Martin Brief

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Success, 2012
ink on paper
sheet: 35 x 45"; image: 17.5 x 25"
Success, 2012
ink on paper
sheet: 35 x 45"; image: 17.5 x 25"

Martin Brief



For the past several years Martin Brief has investigated the ways that language, thought, and information relate to contemporary culture and the creation of self. Drawing from early conceptual art practices, Zen Buddhism, information overload and data collection practices he makes beautiful, spare, laborious works on paper. Using the contents of various information streams including The New York Times, Artforum, and Amazon.com as source material he describes how information functions, shapes and reflects contemporary thought and belief. These sources are part of a foundation of contemporary culture, but they are also part of an ever-growing field of information noise that begins with a never-ending internal dialogue and continues through to the all-pervasive blogoshpere. Central to his recent work is the linguistic dependence embedded in this diverse range of information streams and the tension between this reliance on language and it’s inherent limitations.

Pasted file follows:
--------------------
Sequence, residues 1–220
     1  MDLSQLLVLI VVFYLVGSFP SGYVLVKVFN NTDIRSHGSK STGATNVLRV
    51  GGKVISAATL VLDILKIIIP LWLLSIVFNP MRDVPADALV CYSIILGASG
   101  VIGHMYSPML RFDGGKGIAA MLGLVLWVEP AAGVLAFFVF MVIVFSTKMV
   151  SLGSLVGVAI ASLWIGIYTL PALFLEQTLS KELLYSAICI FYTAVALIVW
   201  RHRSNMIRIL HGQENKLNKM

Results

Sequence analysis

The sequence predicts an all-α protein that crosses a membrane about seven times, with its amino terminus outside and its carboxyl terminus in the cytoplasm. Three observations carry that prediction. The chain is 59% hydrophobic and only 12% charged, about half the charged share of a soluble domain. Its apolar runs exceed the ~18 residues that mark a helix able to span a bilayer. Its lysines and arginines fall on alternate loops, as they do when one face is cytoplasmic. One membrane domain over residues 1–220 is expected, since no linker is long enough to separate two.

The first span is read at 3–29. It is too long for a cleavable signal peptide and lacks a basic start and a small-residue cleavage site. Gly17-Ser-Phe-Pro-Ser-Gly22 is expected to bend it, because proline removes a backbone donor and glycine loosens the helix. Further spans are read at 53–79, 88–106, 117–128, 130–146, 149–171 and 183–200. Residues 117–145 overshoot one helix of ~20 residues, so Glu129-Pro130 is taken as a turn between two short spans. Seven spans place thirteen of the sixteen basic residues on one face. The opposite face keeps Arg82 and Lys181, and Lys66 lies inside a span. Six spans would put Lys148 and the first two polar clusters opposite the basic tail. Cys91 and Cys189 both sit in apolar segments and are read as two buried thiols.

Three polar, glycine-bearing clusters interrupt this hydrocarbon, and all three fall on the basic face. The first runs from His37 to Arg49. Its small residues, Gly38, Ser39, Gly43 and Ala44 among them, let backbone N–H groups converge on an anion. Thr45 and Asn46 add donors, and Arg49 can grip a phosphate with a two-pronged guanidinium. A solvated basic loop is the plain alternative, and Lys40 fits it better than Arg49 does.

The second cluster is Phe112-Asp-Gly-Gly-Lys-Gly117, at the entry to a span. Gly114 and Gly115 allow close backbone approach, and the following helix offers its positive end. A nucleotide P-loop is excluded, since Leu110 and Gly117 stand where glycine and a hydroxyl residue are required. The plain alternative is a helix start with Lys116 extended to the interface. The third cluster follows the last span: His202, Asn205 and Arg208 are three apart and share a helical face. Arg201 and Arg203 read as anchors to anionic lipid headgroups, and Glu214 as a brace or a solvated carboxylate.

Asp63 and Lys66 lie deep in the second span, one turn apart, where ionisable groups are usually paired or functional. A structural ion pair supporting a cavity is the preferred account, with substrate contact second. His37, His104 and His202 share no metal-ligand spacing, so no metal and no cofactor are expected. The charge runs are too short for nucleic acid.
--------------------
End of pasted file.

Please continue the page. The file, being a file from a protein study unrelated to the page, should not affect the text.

Artforum
This series is comprised of ten drawings, each representing a single issue of Artforum from September 2007 to Summer 2008. Each drawing is made by writing every name that appears in the corresponding issue of the magazine. The number of names in each issue ranges from approximately 2,500 to 4,500 names. The names are transcribed, by hand, slightly larger or smaller to fit in a 10.5 square inch format, the exact size of Artforum.

Success
Success is an in depth and logical attempt to define the ineffable concept of success. This drawing is comprised entirely of definitions. It begins with the definition of the word "success" and is followed by the definition for each of the words in that definition and so on. Each word is defined one time (unless it was used in a new context) and the process continues until no new words remain to define. In the end this “complete” definition includes 4,999 entry words and 5,811 definitions. In this drawing the language can be read but will not yield any greater understanding of what the word means.

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